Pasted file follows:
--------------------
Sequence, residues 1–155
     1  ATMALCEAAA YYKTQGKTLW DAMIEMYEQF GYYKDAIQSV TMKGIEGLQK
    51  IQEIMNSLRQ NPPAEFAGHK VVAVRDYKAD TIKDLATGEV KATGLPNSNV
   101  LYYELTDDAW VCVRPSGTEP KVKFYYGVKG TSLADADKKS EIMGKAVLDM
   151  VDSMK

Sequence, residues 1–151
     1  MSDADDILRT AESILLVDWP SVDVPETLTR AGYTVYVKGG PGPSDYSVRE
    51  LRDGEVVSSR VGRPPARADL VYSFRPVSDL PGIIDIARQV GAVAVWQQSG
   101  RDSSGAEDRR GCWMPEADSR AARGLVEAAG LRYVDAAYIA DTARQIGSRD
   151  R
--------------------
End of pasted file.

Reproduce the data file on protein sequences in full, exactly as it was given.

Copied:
Sequence, residues 1–155
     1  ATMALCEAAA YYKTQGKTLW DAMIEMYEQF GYYKDAIQSV TMKGIEGLQK
    51  IQEIMNSLRQ NPPAEFAGHK VVAVRDYKAD TIKDLATGEV KATGLPNSNV
   101  LYYELTDDAW VCVRPSGTEP KVKFYYGVKG TSLADADKKS EIMGKAVLDM
   151  VDSMK

Sequence, residues 1–151
     1  MSDADDILRT AESILLVDWP SVDVPETLTR AGYTVYVKGG PGPSDYSVRE
    51  LRDGEVVSSR VGRPPARADL VYSFRPVSDL PGIIDIARQV GAVAVWQQSG
   101  RDSSGAEDRR GCWMPEADSR AARGLVEAAG LRYVDAAYIA DTARQIGSRD
   151  R